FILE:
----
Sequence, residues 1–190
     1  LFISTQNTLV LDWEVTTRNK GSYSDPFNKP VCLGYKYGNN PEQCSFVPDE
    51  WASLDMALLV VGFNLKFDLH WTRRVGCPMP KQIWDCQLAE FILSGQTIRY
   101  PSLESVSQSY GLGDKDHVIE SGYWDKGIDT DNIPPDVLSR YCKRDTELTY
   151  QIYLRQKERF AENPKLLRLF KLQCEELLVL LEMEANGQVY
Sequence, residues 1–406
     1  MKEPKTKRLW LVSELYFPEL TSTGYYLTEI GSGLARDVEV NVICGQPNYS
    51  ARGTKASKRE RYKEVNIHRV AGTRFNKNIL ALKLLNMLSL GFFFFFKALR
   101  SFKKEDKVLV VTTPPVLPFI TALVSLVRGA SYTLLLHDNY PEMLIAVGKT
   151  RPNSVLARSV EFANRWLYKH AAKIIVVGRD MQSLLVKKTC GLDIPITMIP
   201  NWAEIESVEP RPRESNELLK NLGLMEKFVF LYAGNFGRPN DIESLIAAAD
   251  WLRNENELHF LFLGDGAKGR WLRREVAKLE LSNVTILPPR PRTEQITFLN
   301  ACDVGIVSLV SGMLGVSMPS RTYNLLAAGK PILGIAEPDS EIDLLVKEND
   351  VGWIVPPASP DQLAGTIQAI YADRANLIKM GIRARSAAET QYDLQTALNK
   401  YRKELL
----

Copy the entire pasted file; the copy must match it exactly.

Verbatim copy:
Sequence, residues 1–190
     1  LFISTQNTLV LDWEVTTRNK GSYSDPFNKP VCLGYKYGNN PEQCSFVPDE
    51  WASLDMALLV VGFNLKFDLH WTRRVGCPMP KQIWDCQLAE FILSGQTIRY
   101  PSLESVSQSY GLGDKDHVIE SGYWDKGIDT DNIPPDVLSR YCKRDTELTY
   151  QIYLRQKERF AENPKLLRLF KLQCEELLVL LEMEANGQVY
Sequence, residues 1–406
     1  MKEPKTKRLW LVSELYFPEL TSTGYYLTEI GSGLARDVEV NVICGQPNYS
    51  ARGTKASKRE RYKEVNIHRV AGTRFNKNIL ALKLLNMLSL GFFFFFKALR
   101  SFKKEDKVLV VTTPPVLPFI TALVSLVRGA SYTLLLHDNY PEMLIAVGKT
   151  RPNSVLARSV EFANRWLYKH AAKIIVVGRD MQSLLVKKTC GLDIPITMIP
   201  NWAEIESVEP RPRESNELLK NLGLMEKFVF LYAGNFGRPN DIESLIAAAD
   251  WLRNENELHF LFLGDGAKGR WLRREVAKLE LSNVTILPPR PRTEQITFLN
   301  ACDVGIVSLV SGMLGVSMPS RTYNLLAAGK PILGIAEPDS EIDLLVKEND
   351  VGWIVPPASP DQLAGTIQAI YADRANLIKM GIRARSAAET QYDLQTALNK
   401  YRKELL